Sometimes the world gives you a gift, no rhyme or reason. It just does. The recent decision by BBVA USA to close the virtual doors of
Simple is one of those gifts. Simple, known initially as BankSimple, was a neo bank founded in 2009 and then acquired by BBVA USA in 2014. Simple provided checking accounts accessible from a Visa debit card, and the funds were managed via Simple.com or mobile app. Simple had no branches and only one mission, to make the making experience well, simple. And they did. The online interface was beautiful. Easy to deposit checks, create goals, search your transaction history by hashtags as well as location and it offered a "round up" feature that helped increase savings for its customers.
While it is hard to get an accurate read on the total numbers of customers ( the figures range from 30,000 to 100,000), they had some traction.
Why is the closure of Simple a gift?
1. Acquisition Opportunity
Of course, this is the obvious gift. There are a substantial number of Simple customers who are now part of a HUGE traditional bank (BBVA), and they may be just ripe for a credit union about right now.
2. Bringing a little bit of simple to your member's world
Reviewing the clean and simple language that Simple gave to banking has permeated most banking parlance from the big to the small. But credit unions could also leverage the clarity and nearly obsessive focus on user experience and enfold it into their efforts. Specifically, reduce member friction.
Here are four actions a financial institution can take to accomplish this.
Action 1: Get data (survey)Gather perceived data on the member experience's current state. Seek this input from leaders as well as those close to the member. A great starting point is to identify external end-user friction (member/ customer) and then identify internal friction (the friction business units have interacting with each other.) This provides a perceived friction landscape to start with.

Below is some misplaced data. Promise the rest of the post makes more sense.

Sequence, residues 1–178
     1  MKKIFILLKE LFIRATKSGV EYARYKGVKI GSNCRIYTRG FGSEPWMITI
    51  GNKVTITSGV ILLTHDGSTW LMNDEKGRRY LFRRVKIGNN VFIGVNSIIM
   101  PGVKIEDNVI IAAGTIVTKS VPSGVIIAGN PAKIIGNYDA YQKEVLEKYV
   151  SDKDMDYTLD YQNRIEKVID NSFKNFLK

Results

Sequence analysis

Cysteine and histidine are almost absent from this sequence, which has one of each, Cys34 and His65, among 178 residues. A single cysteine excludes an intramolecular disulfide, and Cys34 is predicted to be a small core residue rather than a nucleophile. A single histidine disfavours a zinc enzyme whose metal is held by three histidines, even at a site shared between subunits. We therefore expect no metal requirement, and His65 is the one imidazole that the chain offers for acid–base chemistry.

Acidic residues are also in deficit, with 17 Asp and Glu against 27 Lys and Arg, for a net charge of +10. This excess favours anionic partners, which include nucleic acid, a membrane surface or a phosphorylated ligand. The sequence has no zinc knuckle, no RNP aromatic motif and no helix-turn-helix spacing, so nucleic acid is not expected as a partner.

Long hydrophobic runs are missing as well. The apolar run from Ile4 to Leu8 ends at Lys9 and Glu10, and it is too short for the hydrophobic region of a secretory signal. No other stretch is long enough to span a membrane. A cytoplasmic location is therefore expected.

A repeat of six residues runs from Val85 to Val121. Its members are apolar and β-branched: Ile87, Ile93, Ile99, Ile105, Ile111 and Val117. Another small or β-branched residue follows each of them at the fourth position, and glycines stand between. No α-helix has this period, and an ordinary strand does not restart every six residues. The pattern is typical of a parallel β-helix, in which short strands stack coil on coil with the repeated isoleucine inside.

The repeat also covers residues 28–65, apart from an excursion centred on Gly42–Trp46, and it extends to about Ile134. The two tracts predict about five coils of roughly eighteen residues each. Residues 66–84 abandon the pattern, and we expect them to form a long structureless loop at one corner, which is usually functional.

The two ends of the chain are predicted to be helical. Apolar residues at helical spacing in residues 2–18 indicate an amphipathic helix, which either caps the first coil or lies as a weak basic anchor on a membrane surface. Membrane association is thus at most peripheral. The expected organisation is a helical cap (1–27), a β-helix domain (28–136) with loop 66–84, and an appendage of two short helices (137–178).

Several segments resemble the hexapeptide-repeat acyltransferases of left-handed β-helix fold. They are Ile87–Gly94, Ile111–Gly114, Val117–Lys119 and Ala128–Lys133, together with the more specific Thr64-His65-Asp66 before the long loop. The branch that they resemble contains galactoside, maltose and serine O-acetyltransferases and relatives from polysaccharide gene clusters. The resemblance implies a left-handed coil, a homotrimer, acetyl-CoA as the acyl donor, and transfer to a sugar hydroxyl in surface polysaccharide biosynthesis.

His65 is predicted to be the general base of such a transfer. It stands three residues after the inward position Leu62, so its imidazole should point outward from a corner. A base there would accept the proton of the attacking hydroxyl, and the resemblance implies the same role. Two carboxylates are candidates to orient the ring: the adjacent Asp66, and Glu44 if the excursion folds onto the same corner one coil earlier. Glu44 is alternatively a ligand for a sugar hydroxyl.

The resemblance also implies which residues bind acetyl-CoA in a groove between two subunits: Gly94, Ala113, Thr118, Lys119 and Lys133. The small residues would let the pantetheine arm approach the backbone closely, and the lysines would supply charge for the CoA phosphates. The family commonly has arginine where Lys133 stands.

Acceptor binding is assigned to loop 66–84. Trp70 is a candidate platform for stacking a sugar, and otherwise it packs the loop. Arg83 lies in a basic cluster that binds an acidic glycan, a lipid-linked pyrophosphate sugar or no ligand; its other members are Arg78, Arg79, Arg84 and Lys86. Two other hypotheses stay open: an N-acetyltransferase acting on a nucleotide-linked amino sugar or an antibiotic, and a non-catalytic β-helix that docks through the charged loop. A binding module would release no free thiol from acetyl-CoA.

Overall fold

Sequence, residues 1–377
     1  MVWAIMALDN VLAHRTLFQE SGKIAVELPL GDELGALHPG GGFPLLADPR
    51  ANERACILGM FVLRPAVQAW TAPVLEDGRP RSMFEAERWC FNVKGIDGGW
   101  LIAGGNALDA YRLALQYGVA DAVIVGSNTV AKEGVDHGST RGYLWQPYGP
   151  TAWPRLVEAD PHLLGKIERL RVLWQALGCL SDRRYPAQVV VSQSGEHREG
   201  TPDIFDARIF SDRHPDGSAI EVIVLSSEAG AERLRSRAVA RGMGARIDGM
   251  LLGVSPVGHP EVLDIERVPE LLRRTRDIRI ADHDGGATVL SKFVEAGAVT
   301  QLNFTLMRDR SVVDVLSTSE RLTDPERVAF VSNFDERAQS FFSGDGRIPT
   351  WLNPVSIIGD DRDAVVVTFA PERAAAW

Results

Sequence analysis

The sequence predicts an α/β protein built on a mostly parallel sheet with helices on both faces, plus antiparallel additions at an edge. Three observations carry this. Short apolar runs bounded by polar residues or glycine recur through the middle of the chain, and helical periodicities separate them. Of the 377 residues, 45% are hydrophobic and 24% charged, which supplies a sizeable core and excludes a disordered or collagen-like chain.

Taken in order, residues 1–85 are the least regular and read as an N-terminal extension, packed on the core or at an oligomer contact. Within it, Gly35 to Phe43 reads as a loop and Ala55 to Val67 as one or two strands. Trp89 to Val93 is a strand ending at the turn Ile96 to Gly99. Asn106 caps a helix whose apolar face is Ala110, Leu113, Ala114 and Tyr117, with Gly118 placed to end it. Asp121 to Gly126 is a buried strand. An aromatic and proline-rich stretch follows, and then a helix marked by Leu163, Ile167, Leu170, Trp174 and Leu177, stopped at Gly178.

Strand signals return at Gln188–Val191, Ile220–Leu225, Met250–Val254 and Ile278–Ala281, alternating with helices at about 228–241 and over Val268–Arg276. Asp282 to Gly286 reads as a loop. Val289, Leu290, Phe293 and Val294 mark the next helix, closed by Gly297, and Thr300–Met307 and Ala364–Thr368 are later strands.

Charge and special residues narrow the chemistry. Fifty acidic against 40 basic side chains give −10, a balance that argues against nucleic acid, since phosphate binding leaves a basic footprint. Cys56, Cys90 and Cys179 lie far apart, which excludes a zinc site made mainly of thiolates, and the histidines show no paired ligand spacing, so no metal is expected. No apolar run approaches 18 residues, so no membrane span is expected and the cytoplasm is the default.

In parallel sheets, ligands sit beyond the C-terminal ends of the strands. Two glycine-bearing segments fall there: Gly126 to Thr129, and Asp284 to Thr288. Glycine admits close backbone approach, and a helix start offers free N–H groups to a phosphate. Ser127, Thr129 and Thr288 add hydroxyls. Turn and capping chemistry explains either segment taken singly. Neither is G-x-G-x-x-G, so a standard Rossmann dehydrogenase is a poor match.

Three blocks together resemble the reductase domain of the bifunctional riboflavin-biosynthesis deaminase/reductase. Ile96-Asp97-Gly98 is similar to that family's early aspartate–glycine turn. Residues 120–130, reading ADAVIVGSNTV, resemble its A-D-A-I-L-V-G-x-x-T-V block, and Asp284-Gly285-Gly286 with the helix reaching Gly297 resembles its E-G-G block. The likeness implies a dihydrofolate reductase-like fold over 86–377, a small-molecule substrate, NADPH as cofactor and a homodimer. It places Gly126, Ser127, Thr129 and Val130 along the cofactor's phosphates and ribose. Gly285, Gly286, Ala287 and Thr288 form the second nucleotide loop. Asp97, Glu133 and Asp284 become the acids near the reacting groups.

Action 2: Map the MUX
This can be accomplished with software or a simple process map. The key points are to identify critical phases in the member journey and identify the friction points.
Add any data as is available to each phase that either supports or refutes the perceptions.
Member/Customer Friction examples
Members may encounter friction along the journey. In this auto purchase example, common frictions are 1) low awareness of credit union financing in channels they use. 2 ) few or non-existing evaluation tools provided by credit unions, 3) challenging to engage online for the loan, must come to a physical office. 4) little or no engagement with the member post-purchase. 5) few channels are provided for advocacy. 6) repurchase efforts suffer from the application process.
Action 3. Analyze your findings.
A list of frictions will appear, and they need to be prioritized. The best lens to prioritize is what will have the most significant impact on the member with minimal effort. The "friction list" can be divided into short and long term projects.
Action 4: Friction Roadmap
Build out the road map looking at it from the timeline with work streams that include people, products, and processes.
Understanding your member's friction should be a strategic goal, if it is not, make it one now. To learn how THRIVE leverages friction to improve members' lives, please click here.
Is there a book out there that can help my enterprise reduce member friction?
Written for credit unions by a credit union expert, Big Data/Big Climb: A credit Union playbook for leveraging data and talent to achieve revolutionary member relationship has been hailed as a "must-have". The book cuts through techno-jargon and translates data transformation concepts into a playbook filled with real-world examples, assessment guides, and other tools needed to reduce member friction, analyze actual competition, and identify disruption to improve the lives of its members and gain competitive advantage.
What if I want something more interactive than the book?
For the same time that it takes to enjoy your lunch, you could be learning about building innovation capabilities, human-centered design, and agile execution. Click here to learn how to access the recorded session on this topic.
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